Get data-driven advice for grad school

“Do you have any advice for future graduate students?” I asked. The student had recently defended his Ph.D., and I was conducting an exit interview—something I do with every graduating biomedical Ph.D. student at my university, where I am in charge of evaluating our medical school’s Ph.D. training programs. He sat back in his chair and thought for a minute before responding: He wished he had started to plan for his post-Ph.D. career earlier. My shoulders dropped and I let out a sigh. “Program directors recommend this to incoming students every year, but some don’t seem to hear it,” I said. “How do you think we can get them to listen?” This time, he didn’t hesitate. “They are graduate students in science,” he exclaimed. “Show them the data!”

Read more in this Science Careers article, by Dr. Abigail M. Brown is the director of outcomes research for biomedical Ph.D. programs at Vanderbilt University School of Medicine in Nashville, Tennessee.

Becoming a Resilient Scientist and more from the NIH

While I am writing this post, Vanderbilt and other institutions across the country are in “remote” mode. This has been challenging, but has given me a new perspective on the importance of resiliency in life and in graduate training. I have run across these incredible resources from the NIH OITE, that provide training outside of the lab to graduate students and postdocs. In addition to many others, I would like to point out 3 workshops that are especially important at this time and beyond:

You should watch them, no matter your stage in training! Watch them now and watch them often; I know I will!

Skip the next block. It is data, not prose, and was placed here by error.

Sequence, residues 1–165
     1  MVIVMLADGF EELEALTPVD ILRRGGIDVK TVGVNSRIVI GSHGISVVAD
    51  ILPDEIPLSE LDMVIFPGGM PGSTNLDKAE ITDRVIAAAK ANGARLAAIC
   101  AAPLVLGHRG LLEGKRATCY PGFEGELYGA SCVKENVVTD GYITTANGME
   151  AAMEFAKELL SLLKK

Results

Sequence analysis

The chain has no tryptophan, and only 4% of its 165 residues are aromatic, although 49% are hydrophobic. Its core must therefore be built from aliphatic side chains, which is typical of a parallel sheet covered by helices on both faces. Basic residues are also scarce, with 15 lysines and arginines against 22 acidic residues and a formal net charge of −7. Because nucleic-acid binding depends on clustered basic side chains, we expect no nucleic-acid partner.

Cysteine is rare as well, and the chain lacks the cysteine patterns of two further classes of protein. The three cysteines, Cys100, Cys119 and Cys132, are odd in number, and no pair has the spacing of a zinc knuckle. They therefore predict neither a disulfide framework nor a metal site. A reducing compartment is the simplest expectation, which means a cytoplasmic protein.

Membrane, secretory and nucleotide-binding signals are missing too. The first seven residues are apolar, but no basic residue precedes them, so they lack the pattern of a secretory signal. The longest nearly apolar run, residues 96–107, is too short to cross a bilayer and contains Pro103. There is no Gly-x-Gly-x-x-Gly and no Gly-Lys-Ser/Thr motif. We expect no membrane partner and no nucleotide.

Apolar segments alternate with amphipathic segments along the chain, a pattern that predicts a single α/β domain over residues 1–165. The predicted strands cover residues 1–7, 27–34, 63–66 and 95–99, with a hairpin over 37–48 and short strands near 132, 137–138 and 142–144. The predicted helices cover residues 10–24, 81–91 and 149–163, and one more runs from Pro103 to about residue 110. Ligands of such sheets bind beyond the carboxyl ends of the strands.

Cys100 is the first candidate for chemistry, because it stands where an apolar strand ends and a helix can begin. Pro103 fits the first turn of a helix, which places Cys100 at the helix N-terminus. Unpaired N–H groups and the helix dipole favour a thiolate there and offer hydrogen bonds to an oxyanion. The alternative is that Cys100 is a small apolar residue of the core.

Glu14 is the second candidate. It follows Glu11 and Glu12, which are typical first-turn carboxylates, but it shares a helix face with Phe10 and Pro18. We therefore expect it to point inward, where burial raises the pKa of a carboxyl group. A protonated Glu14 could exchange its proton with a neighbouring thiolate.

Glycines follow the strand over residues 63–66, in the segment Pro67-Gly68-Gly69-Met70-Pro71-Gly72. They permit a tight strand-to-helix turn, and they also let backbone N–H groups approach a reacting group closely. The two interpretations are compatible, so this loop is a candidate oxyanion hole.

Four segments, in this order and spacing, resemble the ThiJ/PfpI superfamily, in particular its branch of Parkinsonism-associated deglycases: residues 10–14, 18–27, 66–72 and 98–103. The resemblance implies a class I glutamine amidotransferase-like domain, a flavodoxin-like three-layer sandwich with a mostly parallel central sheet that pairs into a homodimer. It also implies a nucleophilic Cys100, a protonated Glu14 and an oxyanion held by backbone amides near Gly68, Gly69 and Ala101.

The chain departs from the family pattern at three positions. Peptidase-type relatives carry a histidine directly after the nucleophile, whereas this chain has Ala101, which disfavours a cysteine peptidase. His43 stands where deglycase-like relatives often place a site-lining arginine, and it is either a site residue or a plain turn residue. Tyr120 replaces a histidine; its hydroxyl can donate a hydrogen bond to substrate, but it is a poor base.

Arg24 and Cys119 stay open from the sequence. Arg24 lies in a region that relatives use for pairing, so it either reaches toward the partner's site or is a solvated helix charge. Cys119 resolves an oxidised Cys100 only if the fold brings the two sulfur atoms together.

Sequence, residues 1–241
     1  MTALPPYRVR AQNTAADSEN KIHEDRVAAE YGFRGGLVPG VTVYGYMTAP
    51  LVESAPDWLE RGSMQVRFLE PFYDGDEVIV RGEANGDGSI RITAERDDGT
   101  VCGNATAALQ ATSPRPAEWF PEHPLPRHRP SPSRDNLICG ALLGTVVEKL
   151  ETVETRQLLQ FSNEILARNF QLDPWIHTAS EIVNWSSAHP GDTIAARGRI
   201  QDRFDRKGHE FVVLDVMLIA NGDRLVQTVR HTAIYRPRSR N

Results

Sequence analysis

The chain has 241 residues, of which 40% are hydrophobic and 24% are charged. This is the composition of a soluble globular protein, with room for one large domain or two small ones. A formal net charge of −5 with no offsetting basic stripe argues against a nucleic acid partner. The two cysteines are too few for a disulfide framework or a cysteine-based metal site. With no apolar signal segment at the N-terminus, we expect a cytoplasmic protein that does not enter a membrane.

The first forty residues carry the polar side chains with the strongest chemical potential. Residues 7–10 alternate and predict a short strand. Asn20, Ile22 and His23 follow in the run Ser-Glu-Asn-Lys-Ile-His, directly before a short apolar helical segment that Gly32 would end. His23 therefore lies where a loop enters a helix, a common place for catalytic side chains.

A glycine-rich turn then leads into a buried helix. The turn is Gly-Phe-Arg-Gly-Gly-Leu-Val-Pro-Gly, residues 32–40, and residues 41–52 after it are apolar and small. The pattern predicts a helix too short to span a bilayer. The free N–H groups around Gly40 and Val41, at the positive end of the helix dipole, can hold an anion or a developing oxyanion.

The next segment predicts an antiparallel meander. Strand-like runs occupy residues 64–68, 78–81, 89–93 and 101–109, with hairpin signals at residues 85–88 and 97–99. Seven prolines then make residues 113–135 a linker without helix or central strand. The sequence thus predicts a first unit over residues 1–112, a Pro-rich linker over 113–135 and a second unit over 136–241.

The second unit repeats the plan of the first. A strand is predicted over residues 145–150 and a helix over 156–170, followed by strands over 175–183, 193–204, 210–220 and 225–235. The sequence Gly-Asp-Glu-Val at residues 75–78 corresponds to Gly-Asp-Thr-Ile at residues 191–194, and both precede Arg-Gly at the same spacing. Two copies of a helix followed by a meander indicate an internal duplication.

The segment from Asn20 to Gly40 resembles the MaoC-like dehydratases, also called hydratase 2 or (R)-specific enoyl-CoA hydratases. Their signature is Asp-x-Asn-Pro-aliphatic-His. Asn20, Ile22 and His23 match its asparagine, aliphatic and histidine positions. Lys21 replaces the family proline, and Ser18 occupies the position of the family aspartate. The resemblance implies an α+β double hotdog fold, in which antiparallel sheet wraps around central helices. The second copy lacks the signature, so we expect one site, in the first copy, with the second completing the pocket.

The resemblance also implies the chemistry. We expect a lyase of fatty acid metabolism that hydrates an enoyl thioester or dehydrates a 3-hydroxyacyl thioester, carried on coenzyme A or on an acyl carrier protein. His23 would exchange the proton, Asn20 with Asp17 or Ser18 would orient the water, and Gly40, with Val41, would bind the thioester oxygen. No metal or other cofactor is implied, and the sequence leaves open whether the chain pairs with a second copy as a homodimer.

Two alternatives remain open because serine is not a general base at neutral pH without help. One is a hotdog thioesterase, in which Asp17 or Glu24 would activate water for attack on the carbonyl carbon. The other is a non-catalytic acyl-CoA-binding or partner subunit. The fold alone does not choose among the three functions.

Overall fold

Expectations vs reality: the first year

Before starting graduate school, you probably have an idea of what you will be studying or what the program will be like. In this post, learn about how the first year of Vanderbilt’s biomedical graduate program was different from and similar to students’ expectations.

Did you have an idea of which general department or program you would want to join before you arrived at Vanderbilt? Why or why not?

Yes I did. I knew pretty exactly what I wanted to do, Human Genetics. I knew the field I wanted, and had done an undergrad internship in the specific department and gotten to know it fairly well.
-Laura Colbran

Not entirely. Since I was broadly interested in cytoskeleton/motor proteins I thought I was going to end up in CDB, but I enjoyed the idea of physics too much to fully commit beforehand.
-Steven Walker

I preferentially leaned towards Cell and Developmental Biology based on my previous research experience.
-Erik Beadle

Somewhat, I had done physiology in undergraduate, and the Molecular Physiology and Biophysics department seemed really in line with what I had already been doing.
-Slavi Goleva

Did you end up joining this department or program? Why or why not?

Yes, I did. It was the one with the best support for the research i wanted to do, and matched fairly exactly with my more general interests. And more generally, I’d been very impressed by how supportive and nice everyone I’d met from that program was. I felt like even if my specific plans fell through, I could trust everyone there to help me fix it.
-Laura Colbran